I want to behave in a way consistent with my belief that all humans are equally valuable. Is that really the best way to say that? What does equally mean here? As usual, I need to get more specific in order to behave more consistently with this belief. How ‘bout: All humans have equal potential to be equally valuable. That covers the bases a little more thoroughly, allowing for a human's present day shittiness (do you have a favorite way you like to spell that word? Let me know in the comments :)) to be counteracted by the potential that they could change and become valuable in a different way. “Do people actually change?“ I hear you ask. “Not easily,“ I reply. (back)

4: No, I'm not going to link examples. Google "police shoot unarmed civilians" and you'll find lots of terribly real stuff to sift through. (back)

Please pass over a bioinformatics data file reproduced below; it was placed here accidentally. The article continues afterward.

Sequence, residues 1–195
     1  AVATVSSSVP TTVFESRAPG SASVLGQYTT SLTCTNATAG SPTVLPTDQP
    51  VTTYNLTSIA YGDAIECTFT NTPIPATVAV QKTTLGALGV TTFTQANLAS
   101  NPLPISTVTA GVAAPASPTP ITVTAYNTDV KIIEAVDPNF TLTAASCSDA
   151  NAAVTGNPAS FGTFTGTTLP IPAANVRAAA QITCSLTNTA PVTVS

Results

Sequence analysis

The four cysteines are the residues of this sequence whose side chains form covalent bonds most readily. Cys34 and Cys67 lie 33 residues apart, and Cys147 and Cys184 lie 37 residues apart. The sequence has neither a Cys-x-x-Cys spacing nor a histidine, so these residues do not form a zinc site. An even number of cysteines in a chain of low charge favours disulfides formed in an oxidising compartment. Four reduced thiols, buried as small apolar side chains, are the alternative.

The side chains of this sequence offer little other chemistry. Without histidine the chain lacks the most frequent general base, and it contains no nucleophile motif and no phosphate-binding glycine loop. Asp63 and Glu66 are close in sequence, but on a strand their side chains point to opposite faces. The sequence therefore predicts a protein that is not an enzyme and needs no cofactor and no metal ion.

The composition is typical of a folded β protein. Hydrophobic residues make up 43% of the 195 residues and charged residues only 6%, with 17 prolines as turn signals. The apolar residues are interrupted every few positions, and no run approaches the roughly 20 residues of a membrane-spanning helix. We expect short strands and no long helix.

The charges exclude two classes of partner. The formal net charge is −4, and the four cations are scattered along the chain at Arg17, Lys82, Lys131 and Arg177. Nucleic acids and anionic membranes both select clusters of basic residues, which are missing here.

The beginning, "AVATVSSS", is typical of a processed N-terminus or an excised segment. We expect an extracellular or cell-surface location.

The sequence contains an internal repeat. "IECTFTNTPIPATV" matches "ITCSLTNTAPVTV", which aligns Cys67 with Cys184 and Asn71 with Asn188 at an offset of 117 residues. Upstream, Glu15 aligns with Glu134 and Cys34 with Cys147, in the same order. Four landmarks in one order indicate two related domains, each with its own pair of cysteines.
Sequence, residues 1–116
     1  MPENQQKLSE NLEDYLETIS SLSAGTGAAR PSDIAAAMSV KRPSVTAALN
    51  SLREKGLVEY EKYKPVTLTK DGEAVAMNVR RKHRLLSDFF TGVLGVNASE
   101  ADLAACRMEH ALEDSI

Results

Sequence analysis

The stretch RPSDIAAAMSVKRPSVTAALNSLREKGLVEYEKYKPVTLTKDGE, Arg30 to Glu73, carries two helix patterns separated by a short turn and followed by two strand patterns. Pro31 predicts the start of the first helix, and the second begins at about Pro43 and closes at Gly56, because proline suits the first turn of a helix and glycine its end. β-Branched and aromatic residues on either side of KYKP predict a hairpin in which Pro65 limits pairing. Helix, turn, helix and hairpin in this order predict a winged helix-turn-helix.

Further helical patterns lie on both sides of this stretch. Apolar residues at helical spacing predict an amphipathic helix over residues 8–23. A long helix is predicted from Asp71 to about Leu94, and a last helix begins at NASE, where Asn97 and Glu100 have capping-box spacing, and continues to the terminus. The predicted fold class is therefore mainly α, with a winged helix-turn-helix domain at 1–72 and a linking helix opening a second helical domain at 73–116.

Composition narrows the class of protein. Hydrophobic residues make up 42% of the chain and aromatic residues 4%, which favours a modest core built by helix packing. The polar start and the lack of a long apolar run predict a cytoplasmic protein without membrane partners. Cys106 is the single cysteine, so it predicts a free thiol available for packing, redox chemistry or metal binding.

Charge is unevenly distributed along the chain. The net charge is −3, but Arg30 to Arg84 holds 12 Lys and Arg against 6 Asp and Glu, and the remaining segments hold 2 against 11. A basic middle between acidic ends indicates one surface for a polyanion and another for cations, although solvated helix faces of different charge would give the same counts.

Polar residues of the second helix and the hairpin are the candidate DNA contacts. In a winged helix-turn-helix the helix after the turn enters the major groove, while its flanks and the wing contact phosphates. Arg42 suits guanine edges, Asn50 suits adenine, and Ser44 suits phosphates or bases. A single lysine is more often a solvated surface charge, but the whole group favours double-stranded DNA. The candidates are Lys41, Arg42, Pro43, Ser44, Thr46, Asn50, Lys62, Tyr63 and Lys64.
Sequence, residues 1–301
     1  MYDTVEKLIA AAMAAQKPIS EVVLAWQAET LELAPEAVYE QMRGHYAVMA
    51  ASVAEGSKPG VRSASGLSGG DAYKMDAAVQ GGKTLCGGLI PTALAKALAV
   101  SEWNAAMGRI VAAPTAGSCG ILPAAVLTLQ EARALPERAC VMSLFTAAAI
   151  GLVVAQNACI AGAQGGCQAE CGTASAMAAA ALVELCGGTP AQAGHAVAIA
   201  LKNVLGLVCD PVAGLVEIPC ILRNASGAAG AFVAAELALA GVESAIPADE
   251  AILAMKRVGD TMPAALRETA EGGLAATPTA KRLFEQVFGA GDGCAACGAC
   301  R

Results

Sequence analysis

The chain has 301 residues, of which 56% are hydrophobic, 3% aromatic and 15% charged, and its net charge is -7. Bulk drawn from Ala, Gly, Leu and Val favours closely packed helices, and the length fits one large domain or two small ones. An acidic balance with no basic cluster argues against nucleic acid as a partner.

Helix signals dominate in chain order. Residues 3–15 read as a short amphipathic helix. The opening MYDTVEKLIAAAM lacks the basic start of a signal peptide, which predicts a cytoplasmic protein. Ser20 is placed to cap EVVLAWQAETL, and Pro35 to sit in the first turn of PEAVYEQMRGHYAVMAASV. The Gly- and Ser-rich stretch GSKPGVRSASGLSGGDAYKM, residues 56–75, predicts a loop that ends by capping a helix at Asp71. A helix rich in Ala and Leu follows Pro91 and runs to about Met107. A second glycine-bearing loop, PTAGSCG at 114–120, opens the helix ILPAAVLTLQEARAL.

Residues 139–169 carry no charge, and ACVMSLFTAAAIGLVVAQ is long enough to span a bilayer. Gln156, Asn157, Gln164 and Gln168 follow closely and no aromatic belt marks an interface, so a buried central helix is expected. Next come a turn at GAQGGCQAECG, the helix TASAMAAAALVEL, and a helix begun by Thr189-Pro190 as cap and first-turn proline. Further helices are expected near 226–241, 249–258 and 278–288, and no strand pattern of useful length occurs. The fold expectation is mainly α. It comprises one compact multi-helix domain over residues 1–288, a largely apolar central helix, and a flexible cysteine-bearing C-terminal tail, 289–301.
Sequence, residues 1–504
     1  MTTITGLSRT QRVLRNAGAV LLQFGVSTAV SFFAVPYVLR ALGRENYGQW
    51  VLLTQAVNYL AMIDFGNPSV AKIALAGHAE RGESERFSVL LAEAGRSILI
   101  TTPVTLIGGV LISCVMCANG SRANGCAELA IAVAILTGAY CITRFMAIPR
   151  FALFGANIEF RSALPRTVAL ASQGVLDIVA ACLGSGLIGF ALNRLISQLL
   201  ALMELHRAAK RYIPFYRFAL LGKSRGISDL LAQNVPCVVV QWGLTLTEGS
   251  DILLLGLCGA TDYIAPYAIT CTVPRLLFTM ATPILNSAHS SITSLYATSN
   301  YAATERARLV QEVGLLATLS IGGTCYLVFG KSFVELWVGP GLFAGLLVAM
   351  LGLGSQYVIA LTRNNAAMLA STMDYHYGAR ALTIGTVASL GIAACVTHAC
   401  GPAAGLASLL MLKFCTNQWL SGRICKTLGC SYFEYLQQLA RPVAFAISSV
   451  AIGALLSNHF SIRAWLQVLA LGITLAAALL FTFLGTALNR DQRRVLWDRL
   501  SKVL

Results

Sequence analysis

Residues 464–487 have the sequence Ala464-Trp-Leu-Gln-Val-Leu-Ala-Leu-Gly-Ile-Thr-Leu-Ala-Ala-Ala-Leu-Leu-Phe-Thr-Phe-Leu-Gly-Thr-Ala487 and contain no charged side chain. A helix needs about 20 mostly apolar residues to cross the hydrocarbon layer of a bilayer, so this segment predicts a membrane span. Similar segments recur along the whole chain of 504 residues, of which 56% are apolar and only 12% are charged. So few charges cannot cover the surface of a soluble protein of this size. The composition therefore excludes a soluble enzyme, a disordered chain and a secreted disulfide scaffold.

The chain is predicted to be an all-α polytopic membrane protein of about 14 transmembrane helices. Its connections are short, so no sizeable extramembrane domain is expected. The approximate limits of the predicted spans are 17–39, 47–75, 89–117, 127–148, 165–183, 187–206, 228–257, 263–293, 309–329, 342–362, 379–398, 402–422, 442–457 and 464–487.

5: Negative 6 billion points if you don't get this reference. I'm sorry, that's just how this game works. (back)

6: I promise to write a ton more about Thich Nhat Hanh in the future; the words in his books have deeply altered my consciousness. The title of this entry is a phrase from one of his books. There are some references here to monks in Vietnam who burned themselves alive as a political statement, attempting to focus more global attention on the suffering in the Vietnam War. I don't know very much about these events, so I'm not digging into them yet. No promises about next week. Oh yeah, did you read that scholarly paper about bloodlust? Me neither. (back)